Basic deep reinforcement learning methods use as input an image for the current state, do some convolutions on that image, apply some reinforcement learning algorithm, and it is solved.

Let us take the game Breakout or Pong as an example. What I do not understand is: how does the agent understand when an object is moving towards it or away from it? I believe that the action it chooses must be different in these two scenarios, and, from a single image as input, there is no notion of motion.


1 Answer 1


In the article Playing Atari with Deep Reinforcement Learning, Mnih et al, 2013, which was a major outbreak in Deep Reinforcement learning (especially in Deep Q learning), they don't feed only the last image to the network. They stack the 4 last images :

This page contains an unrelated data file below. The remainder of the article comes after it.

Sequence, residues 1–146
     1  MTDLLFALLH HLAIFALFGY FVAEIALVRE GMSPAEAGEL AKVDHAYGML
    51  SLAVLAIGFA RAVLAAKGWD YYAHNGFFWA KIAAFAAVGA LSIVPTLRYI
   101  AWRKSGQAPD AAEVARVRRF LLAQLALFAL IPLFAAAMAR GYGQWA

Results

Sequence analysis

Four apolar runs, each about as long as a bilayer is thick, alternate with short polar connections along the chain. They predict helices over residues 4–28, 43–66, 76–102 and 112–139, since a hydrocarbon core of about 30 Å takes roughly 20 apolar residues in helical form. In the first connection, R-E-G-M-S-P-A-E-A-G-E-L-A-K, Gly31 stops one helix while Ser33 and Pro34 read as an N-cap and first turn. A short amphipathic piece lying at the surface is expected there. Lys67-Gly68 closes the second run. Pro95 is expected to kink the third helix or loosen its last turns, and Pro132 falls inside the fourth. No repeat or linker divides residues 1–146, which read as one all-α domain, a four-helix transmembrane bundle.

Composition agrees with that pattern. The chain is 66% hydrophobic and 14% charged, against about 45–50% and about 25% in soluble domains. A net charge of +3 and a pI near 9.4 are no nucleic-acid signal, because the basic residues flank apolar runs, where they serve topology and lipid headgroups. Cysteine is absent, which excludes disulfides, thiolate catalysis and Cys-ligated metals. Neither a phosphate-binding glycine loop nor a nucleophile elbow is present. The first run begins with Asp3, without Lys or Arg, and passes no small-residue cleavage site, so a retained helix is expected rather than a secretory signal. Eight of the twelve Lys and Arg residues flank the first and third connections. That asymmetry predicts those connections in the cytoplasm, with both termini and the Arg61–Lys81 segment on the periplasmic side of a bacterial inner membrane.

For the experiments in this paper, the function φ from algorithm 1 applies this preprocessing to the last 4 frames of a history and stacks them to produce the input to the Q-function

So they add the motion through sequentiality. From various articles and own coding experiences, this seems to me to be the main common approach. I don't know if other techniques have been implemented.

One thing we could imagine would be to compute the Cross-correlation between a previous frame and the last one, and then feed the cross correlation product to the net.

Another idea would be to train previously a CNN to extract motion features from a sequence of frames, and feed these extracted features to your net. This article (Performing Particle Image Velocimetry using Artificial Neural Networks: a proof-of-concept), Rabault et al, 2017 is an example of a CNN to extract motion features.

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    $\begingroup$ Another alternative is to use a RNN and feed it the frames one at a time. It's not what the original Atari DQN did, but has been tried successfully: cs229.stanford.edu/proj2016/report/… $\endgroup$ Commented Aug 25, 2020 at 13:44
  • $\begingroup$ Obviously, how could I not mention it ? thank you ! $\endgroup$
    – 16Aghnar
    Commented Aug 25, 2020 at 13:47

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